[an error occurred while processing this directive]
BBC News
watch One-Minute World News
Last Updated: Saturday, 12 November 2005, 23:37 GMT
Hague backs Cameron as new leader
David Cameron and William Hague
Mr Hague says he has already filled in his ballot paper
Former Conservative leader William Hague is backing David Cameron to become the next party leader.

Mr Hague has already cast his vote and publicly declared his support in a News of the World column.

He said the 39-year-old was the best candidate to modernise the Tory party, inspire voters and challenge Labour.

Defeated leadership challenger Liam Fox has also backed Mr Cameron over David Davis, although he told the Sunday Times it was a "close call".

Mr Hague said Mr Cameron had "a certain quality" that was impossible to define, "but you know it when you see it".

He had previously refused to say who he believed should replace Michael Howard and said he had thought "long and hard" before casting his vote.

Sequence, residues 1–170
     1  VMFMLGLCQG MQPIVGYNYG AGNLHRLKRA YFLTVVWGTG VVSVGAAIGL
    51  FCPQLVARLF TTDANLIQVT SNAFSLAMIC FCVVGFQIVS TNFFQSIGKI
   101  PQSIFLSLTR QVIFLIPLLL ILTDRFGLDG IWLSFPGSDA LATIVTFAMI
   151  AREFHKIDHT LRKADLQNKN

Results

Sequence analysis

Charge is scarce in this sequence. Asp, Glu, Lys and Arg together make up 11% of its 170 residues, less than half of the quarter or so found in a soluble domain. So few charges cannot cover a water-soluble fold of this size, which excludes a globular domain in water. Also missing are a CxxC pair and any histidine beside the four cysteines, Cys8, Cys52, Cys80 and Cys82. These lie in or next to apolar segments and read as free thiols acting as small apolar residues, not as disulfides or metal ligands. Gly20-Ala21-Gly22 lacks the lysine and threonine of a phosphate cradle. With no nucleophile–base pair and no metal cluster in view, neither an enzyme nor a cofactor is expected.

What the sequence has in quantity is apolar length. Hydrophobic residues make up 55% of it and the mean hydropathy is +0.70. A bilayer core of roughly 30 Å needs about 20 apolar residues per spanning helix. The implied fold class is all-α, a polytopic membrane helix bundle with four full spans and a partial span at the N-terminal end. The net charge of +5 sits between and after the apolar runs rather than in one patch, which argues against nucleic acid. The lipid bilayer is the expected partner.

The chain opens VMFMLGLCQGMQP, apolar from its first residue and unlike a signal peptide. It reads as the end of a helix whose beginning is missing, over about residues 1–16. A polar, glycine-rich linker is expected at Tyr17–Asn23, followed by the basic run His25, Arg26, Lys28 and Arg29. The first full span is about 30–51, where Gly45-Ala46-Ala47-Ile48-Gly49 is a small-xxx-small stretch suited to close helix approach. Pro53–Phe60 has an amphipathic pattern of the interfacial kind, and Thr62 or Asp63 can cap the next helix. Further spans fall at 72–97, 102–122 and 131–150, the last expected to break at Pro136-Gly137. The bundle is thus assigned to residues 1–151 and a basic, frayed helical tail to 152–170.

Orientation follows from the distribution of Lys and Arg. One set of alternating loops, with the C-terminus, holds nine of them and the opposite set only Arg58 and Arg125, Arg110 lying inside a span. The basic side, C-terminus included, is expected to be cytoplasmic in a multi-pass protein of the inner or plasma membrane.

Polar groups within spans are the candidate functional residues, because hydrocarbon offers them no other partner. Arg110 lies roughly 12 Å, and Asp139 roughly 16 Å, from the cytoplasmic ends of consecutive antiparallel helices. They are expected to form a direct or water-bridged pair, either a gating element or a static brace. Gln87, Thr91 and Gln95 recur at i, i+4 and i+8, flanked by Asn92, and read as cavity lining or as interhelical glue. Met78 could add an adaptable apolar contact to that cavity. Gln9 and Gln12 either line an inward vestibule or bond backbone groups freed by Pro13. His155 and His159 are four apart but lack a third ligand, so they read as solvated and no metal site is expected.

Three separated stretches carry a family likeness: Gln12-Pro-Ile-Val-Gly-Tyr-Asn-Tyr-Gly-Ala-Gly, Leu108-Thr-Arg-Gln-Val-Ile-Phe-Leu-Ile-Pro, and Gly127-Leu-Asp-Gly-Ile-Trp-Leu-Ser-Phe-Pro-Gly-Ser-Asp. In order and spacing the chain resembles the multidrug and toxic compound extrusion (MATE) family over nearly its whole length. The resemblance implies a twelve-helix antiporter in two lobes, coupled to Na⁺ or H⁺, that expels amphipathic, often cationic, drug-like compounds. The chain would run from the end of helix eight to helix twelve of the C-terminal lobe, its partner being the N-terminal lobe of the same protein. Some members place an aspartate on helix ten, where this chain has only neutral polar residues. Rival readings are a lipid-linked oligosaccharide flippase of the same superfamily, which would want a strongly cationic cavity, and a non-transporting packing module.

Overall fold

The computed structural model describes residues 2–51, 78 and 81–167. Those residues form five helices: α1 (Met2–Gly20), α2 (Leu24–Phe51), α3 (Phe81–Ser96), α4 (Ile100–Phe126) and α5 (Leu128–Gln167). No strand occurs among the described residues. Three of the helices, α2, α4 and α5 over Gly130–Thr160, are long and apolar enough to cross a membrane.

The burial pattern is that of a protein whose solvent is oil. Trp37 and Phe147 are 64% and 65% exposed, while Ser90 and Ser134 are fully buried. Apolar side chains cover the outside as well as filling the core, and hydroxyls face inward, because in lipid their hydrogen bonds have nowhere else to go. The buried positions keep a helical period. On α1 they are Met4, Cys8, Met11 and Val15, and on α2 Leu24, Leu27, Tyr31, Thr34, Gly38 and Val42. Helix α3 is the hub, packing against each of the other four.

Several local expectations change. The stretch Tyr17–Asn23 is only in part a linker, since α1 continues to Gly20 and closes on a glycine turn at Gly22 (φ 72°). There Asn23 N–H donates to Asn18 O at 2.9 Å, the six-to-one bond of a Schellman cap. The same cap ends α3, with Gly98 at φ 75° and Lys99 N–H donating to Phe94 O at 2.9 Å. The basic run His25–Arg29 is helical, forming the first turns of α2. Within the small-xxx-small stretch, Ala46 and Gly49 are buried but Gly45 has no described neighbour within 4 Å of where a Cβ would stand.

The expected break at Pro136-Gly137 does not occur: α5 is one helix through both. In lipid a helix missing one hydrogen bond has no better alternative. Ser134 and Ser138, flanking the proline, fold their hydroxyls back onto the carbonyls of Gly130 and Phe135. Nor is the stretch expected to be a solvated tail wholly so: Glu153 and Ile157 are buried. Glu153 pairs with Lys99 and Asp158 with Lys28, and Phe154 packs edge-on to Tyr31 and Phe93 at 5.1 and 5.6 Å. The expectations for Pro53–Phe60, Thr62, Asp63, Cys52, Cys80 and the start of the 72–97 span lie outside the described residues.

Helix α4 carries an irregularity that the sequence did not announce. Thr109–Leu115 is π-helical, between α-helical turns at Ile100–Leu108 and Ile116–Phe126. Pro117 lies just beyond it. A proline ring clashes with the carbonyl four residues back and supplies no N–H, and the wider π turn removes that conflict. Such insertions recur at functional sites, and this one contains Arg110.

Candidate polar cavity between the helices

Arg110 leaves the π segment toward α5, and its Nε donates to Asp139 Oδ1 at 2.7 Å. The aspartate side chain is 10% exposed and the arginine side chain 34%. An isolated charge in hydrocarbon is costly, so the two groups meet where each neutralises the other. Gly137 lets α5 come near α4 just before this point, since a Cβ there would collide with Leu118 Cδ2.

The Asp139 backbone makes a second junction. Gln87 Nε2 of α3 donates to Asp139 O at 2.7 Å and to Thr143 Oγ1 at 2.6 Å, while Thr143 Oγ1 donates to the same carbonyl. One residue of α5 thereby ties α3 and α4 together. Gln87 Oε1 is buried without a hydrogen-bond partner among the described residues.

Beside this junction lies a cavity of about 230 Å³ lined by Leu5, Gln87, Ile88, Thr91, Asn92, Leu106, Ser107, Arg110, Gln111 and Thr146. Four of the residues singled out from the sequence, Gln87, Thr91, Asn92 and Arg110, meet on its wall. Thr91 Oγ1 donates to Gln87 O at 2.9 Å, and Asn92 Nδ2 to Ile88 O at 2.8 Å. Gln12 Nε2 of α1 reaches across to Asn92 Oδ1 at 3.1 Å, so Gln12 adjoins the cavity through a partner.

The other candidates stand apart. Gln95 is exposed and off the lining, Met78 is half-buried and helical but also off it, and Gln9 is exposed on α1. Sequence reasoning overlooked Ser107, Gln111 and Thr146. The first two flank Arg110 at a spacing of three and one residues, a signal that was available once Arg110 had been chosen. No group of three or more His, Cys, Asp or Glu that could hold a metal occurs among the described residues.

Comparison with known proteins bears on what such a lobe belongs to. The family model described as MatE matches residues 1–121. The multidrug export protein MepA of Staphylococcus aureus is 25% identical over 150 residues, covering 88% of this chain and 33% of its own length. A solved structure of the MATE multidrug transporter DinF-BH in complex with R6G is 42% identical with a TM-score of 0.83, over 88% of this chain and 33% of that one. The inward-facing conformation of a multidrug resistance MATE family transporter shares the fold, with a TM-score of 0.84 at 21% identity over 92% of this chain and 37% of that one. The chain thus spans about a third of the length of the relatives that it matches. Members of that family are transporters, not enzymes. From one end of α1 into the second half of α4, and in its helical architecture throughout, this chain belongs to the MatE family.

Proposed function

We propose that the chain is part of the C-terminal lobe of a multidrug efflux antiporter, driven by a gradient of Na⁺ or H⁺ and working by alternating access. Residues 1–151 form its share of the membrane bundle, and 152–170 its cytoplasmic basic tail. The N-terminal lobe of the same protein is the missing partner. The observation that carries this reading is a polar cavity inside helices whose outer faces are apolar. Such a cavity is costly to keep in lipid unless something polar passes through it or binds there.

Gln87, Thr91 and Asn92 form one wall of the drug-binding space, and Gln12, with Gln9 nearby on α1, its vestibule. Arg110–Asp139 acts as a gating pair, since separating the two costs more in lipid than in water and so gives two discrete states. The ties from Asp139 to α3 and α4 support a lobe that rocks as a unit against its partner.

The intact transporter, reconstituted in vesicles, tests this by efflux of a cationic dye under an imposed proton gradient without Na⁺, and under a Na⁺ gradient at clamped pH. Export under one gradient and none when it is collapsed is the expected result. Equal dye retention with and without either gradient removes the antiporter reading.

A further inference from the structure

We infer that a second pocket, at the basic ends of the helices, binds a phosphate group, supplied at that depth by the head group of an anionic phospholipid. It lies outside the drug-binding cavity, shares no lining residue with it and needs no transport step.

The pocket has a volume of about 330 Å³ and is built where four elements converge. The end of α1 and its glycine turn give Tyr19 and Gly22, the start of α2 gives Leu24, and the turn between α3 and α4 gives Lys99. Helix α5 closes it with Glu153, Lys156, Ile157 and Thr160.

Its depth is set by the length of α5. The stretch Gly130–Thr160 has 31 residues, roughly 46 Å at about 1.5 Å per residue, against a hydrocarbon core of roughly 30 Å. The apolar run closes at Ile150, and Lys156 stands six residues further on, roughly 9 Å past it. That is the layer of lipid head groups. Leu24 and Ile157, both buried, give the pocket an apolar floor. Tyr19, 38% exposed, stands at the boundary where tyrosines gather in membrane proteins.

In his column on Sunday, Mr Hague said Mr Davis was "forceful, energetic and determined", but criticised him for committing himself to tax cuts whatever the state of the economy.

'Pass the torch'

Shadow foreign secretary Dr Fox was the last candidate to be eliminated when MPs decided on the final two to go forward to grassroots members.

He told the Sunday Times: "I have decided to back David Cameron because I think the best approach for us to win is one of greater collective decision making and leadership which accepts that it is important to return to a concept of first among equals.

"There is an opportunity for us to pass the torch to the next generation of Conservative leadership which can show that it is not about personal ambition, but a collective wish to see a better agenda for the Conservative Party that will decide a better future for the British people."

Mr Davis and Mr Cameron will face one another in front of an audience of activists on Monday, at the first of a series of appearances around the country.

Why William Hague thinks Cameron should be leader

The BBC is not responsible for the content of external internet sites


Americas Africa Europe Middle East South Asia Asia Pacific